- evidence that is collected in the specific administrative act by the defendant, but not provided due to force majeure or other justified reasons; and
- grounds and evidence provided by the plaintiff or a third party in the administrative lawsuit rather than in the specific administrative act.
These regulations and legal interpretations directly and indirectly recognise the plaintiff’s right to provide new evidence in an administrative lawsuit.
Although disputes involving the authorisation and confirmation of trademark rights are classified as administrative lawsuits, they are substantially similar to civil actions to resolve trademark disputes – especially where the case involves the review of a trademark opposition or cancellation of a trademark registration. Crucially, there is no other remedy for parties in a cancellation action; therefore, any new evidence provided by the registrant should be considered, as this may help to resolve the dispute.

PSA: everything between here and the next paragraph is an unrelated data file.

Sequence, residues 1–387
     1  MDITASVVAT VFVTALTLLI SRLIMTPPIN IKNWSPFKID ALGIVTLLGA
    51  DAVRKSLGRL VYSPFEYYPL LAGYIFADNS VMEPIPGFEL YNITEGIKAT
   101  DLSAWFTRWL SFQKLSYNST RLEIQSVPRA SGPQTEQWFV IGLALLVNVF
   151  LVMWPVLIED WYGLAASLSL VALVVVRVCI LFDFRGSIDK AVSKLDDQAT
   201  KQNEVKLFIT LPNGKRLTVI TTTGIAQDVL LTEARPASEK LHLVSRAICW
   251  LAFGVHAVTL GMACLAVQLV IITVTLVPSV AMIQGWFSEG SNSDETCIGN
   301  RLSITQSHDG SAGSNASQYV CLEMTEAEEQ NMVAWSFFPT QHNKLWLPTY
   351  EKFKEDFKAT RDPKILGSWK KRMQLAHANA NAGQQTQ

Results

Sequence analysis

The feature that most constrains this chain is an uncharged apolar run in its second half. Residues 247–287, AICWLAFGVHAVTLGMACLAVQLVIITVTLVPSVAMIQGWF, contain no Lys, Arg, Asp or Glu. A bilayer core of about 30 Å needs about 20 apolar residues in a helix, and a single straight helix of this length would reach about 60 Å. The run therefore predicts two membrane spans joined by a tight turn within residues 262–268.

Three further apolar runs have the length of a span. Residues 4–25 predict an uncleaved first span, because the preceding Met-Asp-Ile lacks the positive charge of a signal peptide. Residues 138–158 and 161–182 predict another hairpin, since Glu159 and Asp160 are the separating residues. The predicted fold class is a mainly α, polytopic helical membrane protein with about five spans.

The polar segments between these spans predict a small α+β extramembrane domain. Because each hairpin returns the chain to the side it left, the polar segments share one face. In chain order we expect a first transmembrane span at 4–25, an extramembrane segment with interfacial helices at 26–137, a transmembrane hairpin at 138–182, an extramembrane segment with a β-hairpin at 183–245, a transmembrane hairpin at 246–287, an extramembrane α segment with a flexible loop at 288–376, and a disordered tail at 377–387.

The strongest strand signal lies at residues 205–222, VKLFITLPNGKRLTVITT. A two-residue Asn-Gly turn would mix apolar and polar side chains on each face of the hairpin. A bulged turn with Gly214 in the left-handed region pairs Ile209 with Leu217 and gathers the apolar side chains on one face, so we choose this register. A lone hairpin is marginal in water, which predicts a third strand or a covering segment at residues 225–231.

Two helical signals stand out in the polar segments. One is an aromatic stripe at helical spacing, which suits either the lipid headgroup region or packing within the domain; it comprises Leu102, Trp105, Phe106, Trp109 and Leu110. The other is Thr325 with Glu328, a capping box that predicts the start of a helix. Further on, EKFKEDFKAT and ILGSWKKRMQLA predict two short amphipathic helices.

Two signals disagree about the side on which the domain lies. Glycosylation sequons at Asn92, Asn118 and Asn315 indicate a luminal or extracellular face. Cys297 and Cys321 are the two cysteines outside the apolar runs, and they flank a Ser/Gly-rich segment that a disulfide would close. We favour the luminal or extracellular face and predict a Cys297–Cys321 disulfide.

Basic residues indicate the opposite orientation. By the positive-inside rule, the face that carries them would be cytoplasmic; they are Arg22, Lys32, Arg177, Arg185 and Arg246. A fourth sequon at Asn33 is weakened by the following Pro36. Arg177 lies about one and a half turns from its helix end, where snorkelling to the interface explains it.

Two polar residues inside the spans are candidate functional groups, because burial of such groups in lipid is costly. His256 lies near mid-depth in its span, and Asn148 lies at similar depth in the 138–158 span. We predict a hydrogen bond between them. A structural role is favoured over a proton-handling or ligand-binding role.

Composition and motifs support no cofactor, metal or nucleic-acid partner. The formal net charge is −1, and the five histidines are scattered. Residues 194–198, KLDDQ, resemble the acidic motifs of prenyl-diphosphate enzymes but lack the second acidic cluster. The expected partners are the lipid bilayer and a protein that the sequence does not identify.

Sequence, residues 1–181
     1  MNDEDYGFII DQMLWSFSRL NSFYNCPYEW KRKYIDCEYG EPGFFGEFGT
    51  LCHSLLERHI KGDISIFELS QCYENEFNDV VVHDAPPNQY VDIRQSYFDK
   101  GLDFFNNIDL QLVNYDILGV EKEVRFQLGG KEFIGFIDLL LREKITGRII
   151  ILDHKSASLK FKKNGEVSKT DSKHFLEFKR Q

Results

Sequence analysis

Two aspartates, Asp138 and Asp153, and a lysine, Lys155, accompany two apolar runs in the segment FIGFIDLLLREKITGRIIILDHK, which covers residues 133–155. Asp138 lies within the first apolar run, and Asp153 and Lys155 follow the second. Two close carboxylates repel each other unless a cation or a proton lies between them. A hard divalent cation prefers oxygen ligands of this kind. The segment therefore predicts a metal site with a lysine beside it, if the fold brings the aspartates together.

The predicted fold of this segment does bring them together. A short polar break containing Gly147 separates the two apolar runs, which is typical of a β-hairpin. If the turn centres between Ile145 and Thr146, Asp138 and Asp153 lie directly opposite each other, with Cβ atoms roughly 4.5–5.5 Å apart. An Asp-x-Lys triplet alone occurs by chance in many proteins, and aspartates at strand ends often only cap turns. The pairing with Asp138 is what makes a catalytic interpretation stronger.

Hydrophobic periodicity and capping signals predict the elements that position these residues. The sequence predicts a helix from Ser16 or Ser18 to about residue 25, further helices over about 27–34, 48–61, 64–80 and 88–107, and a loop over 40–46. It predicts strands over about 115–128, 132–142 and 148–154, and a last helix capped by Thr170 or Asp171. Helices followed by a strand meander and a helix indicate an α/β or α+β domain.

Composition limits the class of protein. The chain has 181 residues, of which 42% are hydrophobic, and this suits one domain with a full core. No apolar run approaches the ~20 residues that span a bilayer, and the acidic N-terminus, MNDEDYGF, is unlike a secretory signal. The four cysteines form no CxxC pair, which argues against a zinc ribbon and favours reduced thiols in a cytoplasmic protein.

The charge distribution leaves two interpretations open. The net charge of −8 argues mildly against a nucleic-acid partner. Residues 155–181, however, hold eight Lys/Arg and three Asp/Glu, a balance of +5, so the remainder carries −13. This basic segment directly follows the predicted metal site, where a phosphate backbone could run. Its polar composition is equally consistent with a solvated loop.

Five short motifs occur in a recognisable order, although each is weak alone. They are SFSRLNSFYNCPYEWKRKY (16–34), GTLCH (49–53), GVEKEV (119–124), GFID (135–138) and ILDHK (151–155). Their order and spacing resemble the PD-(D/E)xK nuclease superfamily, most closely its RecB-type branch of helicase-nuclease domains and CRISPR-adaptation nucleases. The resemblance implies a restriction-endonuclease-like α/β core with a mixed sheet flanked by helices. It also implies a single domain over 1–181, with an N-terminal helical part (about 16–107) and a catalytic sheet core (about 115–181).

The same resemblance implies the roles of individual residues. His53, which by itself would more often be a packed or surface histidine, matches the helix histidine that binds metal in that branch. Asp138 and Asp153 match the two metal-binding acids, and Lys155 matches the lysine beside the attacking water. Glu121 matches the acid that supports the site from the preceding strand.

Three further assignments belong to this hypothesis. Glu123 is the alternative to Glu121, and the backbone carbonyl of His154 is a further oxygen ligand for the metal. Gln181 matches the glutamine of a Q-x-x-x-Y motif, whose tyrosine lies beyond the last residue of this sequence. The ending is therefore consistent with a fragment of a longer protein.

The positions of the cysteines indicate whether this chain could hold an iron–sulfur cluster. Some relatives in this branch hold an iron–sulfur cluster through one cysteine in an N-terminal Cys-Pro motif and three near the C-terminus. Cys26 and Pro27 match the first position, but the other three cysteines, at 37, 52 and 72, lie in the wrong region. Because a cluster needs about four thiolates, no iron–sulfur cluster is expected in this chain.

The judiciary should take special care in deciding lawsuits that are in the public interest. Moreover, it is inevitable that in some cases new evidence will arise prior to the TRAB’s decision, as the circumstances may change during the lengthy period of review and adjudication.
Circumstances under which new evidence may be accepted
During the initial period, the admissibility of new evidence is determined by the party which provides it. Evidence provided by the trademark registrant or applicant will be considered in necessary circumstances, while evidence provided by any other party will not be considered under any circumstances. ‘Necessary circumstances’ include:
- whether other remedies are available;